Testosterone deficiency is treated with hormone replacement therapy, usually in the form of a gel that is applied to the skin.10 “A man should only take prescribed testosterone hormone replacement therapy when they have a confirmed testosterone deficiency on a blood test,” says Dr Pratsides.

“They should be aware of the risks of testosterone therapy which include acne, reduced sperm production, increased risk of blood clotting, breast enlargement, enlargement of the prostate and growth of pre-existing prostate cancer. They should have access to clinical advice and a review throughout to ensure the testosterone replacement therapy remains safe for them.”

Some men take DHEA in the form of illegal anabolic steroids to increase their testosterone levels and boost muscle mass and strength, but these products can have serious side effects.1 “In particular, these can cause an overproduction of red blood cells leading to higher risk of clot formation,” says Dr Pratsides. “Anabolic steroids can cause the testicles to shrink and cause reduced fertility which is particularly important for younger men who have plans of starting a family in the future.”

Erectile problems
Erectile dysfunction is particularly common in men over 40 and can be a sign of testosterone deficiency.11However, it may be linked to the use of certain medicines (eg. beta-blockers or antidepressants) and recreational drugs, including alcohol.11 It may also be related to lifestyle factors or underlying health conditions, such as obesity, stress, smoking, high cholesterol, diabetes, nerve damage or metabolic syndrome.11

“Wherever possible, it’s important to make a man aware that erectile dysfunction is often a sign of an underlying health issue,” says Dr Pratsides. “This can be due to cardiovascular disease from high cholesterol or diabetes, as well as a mental health issue such as performance anxiety or low mood. If an underlying cause is suspected, pharmacy teams can signpost customers to the best service to have the issue investigated and treated.”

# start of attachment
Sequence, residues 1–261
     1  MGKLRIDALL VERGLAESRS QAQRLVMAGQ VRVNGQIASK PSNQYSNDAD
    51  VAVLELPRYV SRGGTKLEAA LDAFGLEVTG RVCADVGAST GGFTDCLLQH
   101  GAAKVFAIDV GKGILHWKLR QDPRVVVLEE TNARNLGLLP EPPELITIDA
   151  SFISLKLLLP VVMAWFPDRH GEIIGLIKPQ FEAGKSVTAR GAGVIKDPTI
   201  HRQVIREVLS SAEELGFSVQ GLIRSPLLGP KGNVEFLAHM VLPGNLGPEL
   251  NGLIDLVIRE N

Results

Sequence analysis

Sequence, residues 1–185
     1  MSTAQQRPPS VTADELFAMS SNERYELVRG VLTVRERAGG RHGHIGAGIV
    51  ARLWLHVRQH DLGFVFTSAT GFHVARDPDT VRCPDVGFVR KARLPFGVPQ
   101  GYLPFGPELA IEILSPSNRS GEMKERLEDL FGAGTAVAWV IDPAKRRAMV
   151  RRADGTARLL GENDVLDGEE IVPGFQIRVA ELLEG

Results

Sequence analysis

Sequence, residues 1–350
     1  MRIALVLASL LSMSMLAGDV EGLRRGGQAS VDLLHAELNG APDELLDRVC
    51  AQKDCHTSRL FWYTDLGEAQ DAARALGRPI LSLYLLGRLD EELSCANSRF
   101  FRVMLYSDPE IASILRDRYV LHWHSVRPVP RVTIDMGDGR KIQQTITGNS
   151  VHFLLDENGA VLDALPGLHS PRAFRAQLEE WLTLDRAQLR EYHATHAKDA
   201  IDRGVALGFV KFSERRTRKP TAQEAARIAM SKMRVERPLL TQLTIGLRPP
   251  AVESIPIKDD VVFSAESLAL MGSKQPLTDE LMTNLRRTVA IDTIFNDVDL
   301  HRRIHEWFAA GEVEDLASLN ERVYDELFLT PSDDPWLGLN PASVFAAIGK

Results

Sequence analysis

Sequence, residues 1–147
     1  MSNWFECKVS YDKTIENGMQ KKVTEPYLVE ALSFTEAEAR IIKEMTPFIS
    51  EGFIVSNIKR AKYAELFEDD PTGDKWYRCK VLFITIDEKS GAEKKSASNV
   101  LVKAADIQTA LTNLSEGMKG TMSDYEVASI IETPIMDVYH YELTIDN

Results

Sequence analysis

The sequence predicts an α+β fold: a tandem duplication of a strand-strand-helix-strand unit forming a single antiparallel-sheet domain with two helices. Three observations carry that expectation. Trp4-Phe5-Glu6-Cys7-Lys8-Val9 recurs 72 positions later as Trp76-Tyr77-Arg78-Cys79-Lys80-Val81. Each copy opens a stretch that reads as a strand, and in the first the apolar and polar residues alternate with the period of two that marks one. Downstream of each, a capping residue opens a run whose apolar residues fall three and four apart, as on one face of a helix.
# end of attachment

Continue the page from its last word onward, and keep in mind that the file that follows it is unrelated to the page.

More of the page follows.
Erectile dysfunction can usually be managed with a combination of medicines, lifestyle changes and counselling.11 An oral phosphodiesterase type-5 inhibitor, such as sildenafil, is the first-line medicine for erectile dysfunction.12 This works by increasing the blood flow to the penis.12 If medicines aren’t suitable or don’t work, some men try vacuum pumps.11

“Viagra Connect, containing sildenafil, is available over the counter from pharmacies and often provides a ‘quick fix’ solution to erectile problems,” says Dr Pratsides. “However, it’s important to screen for conditions that may mean treatment is contraindicated, such as a recent heart attack or stroke and certain eye diseases.”


1. Your and your hormones: Testes. Society for Endocrinology., last reviewed Feb 2018
2. Your and your hormones: Cortisol. Society for Endocrinology., last reviewed January 2018
3. Davey Smith G et al. Cortisol, Testosterone, and Coronary Heart Disease. Circulation. 2005;112:332–340
4. Your and your hormones: Melatonin. Society for Endocrinology., last reviewed March 2018
5. Li C, Zhou X. Melatonin and male reproduction. Clin Chim Acta. 2015 Jun 15;446:175-80. doi: 10.1016/j.cca.2015.04.029. Epub 2015 Apr 25. PMID: 25916694.
6. Your and your hormones: Dehydroepiandrosterone. Society for Endocrinology., last reviewed January 2022
7. Hackett G, Kirby M, Edwards D, Jones TH, Wylie K, Ossei-Gerning N, David J, Muneer A. British Society for Sexual Medicine Guidelines on Adult Testosterone Deficiency, With Statements for UK Practice. J Sex Med. 2017 Dec;14(12):1504-1523. doi: 10.1016/j.jsxm.2017.10.067. PMID: 29198507.
8. Hypogonadism: pathophysiology. Medscape., updated December 2021
9. Your and your hormones: Testosterone. Society for Endocrinology., last reviewed May 2021
10. Testosterone deficiency. Patient., last reviewed July 2018
11. Erectile dysfunction. Patient., last reviwed May 2019
12. Erectile dysfunction. NICE British National Formulary.